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A point P is selected anywhere inside an equilateral triangle. What can you say about the sum of the perpendicular distances from P to the sides of the triangle? Can you prove your conjecture?

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Areas and Ratios

What is the area of the quadrilateral APOQ? Working on the building blocks will give you some insights that may help you to work it out.

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Six Discs

Six circular discs are packed in different-shaped boxes so that the discs touch their neighbours and the sides of the box. Can you put the boxes in order according to the areas of their bases?


Stage: 4 Short Challenge Level: Challenge Level:2 Challenge Level:2

Let $O$ be the centre of the circle and let the points where the arcs meet be $C$ and $D$ respectively. $ABCD$ is a square since its sides are all equal to the radius of the arc $CD$ and $\angle ACB=90^{\circ}$ (angle in a semicircle).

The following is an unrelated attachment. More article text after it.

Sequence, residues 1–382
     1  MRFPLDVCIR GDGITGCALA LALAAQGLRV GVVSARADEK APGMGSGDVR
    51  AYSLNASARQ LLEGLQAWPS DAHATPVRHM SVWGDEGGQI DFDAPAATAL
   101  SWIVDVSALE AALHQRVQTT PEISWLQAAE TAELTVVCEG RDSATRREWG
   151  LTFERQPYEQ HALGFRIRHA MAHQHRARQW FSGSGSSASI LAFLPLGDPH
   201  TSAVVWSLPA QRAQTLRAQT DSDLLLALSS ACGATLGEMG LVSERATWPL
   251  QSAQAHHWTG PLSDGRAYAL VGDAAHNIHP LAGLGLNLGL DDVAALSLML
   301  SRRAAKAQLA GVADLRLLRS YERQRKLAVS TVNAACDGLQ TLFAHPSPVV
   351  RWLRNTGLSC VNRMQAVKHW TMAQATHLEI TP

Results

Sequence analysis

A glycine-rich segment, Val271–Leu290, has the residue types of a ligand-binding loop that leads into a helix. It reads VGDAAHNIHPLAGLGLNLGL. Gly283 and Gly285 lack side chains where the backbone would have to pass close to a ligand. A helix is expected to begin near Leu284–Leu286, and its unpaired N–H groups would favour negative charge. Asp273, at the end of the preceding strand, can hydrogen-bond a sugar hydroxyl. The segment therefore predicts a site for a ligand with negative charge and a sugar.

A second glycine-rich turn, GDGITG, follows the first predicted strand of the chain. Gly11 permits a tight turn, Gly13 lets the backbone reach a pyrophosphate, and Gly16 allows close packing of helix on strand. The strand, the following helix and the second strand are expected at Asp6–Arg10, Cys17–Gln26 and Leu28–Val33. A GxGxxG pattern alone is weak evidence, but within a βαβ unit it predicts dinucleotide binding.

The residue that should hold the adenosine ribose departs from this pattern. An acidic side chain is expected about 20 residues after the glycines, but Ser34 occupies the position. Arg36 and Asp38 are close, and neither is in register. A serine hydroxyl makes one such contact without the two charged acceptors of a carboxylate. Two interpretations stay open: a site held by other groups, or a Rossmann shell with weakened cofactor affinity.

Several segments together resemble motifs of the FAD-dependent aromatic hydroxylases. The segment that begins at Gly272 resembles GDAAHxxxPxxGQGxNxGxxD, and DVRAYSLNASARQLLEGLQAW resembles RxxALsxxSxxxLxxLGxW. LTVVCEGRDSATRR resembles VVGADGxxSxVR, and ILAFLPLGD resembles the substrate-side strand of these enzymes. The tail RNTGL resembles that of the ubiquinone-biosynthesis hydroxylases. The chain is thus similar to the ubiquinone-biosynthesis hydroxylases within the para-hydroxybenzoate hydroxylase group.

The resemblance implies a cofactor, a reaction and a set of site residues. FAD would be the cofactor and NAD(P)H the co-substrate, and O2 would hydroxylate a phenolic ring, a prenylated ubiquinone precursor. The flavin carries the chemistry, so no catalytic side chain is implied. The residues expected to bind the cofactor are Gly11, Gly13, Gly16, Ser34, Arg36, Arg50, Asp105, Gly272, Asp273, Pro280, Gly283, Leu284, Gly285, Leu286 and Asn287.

In triangle $OCB$, $CB^2 = OC^2 + OB^2$; hence $CB=\sqrt{2}$ cm. The area of the segment bounded by arc $CD$ and diameter $CD$ is equal to the area of section $BCD - $ the area of the triangle $BCD$, i.e.

$$\left(\frac{1}{4}\pi\left(\sqrt{2}\right)^2-\frac{1}{2}\times\sqrt{2}\times \sqrt{2}\right)\textrm{cm}^2$$,i.e. $(\frac{1}{2}\pi - 1)$ cm$^2$.

The unshaded area in the original figure is, therefore, $(\pi-2)$ cm$^2$. Now the area of the circle is $\pi$ cm$^2$, and hence the shaded area is 2 cm$^2$.


This problem is taken from the UKMT Mathematical Challenges.

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